Since my retirement in 2006, my Quebec Pension Plan (QPP) income has been around $1,000 per year, which, along with my Old Age Security (OAS) qualified me for the monthly Guaranteed Income Supplement (GIS) and almost free prescription medications.
I was expecting this to remain the same in 2022 as my QPP was $1,016.52 for the year and my OAS & GIS were $1,687.50 per month, as per their table. So imagine my surprise when I was informed my circumstances have changed and I was now required to pay $55.08 for my medications at the pharmacy last visit. Upon checking things out, I
discovered that my OAS and GIS amount had been reduced to $1,666.50 per month. As both the Federal and Quebec governments gave pensioners a one-time payment of $500
in 2021, with the Federal amount coming with an assurance it would not affect GIS payments, it appears the Quebec amount did not come with the same assurances;
this payment seems to have affected my total pension income. Is this correct?
If so, according to my calculations, my pension amount has been reduced by $21 a month ($1687.50 – $1,666.50), so I am losing $252 per year, as the GIS
amount is now $932.99; this is 93.67% of the maximum amount, falling below the 94% cut-off point and it means I now have to pay $55.08 for my prescriptions ($660.96 more per year).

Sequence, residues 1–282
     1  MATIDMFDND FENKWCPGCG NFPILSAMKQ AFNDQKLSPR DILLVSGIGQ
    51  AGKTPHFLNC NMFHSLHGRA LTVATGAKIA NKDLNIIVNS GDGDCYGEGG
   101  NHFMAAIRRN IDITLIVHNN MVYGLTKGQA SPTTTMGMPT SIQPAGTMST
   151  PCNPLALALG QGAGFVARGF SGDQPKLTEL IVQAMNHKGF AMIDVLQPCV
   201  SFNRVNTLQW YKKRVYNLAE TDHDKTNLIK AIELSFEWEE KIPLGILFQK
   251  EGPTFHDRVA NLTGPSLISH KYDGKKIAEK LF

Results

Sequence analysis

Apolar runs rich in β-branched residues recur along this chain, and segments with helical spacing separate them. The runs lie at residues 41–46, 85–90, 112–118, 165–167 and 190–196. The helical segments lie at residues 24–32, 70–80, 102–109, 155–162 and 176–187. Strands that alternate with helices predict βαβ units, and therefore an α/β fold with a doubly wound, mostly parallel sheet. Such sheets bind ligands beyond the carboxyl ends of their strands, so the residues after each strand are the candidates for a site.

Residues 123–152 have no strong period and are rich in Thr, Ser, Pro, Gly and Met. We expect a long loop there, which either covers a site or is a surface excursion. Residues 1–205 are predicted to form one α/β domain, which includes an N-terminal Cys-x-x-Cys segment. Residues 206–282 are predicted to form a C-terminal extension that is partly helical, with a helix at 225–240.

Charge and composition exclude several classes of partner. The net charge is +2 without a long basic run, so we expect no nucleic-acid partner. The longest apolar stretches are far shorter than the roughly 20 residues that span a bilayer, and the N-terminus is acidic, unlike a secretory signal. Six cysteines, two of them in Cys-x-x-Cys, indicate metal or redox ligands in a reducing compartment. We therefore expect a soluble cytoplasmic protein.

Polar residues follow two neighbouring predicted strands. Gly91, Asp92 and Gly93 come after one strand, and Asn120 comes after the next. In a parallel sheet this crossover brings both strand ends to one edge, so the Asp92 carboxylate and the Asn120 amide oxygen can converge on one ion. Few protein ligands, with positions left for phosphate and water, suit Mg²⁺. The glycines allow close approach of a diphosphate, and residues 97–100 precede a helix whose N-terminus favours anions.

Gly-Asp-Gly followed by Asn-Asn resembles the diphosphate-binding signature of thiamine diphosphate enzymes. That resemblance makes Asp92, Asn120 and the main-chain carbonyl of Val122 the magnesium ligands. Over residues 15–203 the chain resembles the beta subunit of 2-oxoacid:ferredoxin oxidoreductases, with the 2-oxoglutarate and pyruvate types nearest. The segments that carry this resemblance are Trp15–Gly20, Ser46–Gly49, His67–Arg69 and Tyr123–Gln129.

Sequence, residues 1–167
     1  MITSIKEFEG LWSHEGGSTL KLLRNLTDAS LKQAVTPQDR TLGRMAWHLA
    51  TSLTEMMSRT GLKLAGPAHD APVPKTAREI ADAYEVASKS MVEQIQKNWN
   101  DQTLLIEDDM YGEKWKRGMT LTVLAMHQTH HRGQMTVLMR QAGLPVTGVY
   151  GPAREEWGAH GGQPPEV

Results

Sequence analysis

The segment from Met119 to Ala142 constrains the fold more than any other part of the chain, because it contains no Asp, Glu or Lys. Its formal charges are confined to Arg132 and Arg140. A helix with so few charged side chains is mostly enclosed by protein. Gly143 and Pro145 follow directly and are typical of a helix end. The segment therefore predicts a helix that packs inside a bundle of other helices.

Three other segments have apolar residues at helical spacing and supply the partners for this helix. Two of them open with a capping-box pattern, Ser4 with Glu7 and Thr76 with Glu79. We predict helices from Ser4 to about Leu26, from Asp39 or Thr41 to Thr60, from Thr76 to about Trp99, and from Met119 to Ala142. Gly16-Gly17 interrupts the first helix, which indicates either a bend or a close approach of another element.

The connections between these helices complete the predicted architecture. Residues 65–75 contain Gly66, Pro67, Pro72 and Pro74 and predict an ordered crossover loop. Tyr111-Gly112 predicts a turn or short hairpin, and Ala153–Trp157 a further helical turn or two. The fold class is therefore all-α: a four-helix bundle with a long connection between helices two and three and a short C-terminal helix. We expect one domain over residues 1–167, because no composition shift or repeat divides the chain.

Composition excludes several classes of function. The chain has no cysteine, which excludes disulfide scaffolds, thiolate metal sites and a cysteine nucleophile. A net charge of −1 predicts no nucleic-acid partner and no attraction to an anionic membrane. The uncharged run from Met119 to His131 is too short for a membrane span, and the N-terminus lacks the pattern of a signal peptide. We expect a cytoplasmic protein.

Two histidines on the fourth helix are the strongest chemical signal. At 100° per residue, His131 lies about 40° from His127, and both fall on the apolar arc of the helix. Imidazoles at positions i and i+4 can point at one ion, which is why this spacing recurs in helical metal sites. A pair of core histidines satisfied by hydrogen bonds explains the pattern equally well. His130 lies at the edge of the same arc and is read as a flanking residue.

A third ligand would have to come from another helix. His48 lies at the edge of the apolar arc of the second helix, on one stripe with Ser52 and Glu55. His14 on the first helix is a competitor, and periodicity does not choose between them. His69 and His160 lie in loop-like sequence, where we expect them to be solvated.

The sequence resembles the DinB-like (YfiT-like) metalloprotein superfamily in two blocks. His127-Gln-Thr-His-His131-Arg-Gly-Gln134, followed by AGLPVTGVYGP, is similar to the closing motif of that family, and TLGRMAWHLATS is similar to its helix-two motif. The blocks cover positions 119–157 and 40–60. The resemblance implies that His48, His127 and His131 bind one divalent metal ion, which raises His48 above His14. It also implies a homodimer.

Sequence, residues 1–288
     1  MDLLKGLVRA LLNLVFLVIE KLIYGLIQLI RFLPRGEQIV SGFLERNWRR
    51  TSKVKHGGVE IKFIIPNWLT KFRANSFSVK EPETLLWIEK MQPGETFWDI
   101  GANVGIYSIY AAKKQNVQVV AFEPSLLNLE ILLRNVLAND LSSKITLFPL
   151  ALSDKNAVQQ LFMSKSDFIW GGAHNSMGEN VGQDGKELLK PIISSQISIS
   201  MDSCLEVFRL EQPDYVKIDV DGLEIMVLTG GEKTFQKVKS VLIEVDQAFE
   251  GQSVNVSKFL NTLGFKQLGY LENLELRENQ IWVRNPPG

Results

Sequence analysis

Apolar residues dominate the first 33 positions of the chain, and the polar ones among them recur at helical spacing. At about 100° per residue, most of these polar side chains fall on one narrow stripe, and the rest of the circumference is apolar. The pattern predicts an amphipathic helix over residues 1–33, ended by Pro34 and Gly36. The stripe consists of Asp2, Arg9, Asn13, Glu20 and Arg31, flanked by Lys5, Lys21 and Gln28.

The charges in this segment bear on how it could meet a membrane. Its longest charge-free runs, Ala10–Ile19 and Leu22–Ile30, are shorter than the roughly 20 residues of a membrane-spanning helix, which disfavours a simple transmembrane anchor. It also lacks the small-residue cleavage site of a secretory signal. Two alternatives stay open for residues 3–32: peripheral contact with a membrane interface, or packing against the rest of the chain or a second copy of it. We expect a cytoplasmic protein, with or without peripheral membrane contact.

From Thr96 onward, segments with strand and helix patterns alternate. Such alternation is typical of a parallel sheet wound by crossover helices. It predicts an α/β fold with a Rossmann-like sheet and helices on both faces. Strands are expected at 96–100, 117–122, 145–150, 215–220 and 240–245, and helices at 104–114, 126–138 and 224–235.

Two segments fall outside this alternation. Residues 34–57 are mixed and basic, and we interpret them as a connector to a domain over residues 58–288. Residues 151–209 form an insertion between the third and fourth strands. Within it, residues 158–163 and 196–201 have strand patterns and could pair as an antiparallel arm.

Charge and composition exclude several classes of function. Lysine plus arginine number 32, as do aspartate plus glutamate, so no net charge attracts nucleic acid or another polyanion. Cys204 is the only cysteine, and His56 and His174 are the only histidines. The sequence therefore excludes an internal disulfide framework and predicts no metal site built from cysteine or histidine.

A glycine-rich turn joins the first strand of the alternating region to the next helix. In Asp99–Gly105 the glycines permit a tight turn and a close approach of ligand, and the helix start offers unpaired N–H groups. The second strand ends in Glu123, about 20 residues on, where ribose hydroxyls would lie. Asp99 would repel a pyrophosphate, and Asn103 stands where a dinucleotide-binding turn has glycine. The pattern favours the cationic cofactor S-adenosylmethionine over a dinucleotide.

This, in effect, has increased my cost of living by $912.96 ($660.96 + $252). Is this right?
More to the point, while the $500 amount was supposed to offset rising prices in 2021 (which haven’t dropped in 2022), I am faced with double the increase it was supposed to cover! Is this fair?
I have spoken to the RAMQ about this, but they say this is out of their hands as they have to work with the figures supplied by Canada Pensions with regard to the GIS. I have written to the Canada Pensions department but have yet to hear back from them.
Perhaps having all this in print might shame someone (our local MP or MNA?) into doing something about the situation for me and any others in the same leaky boat?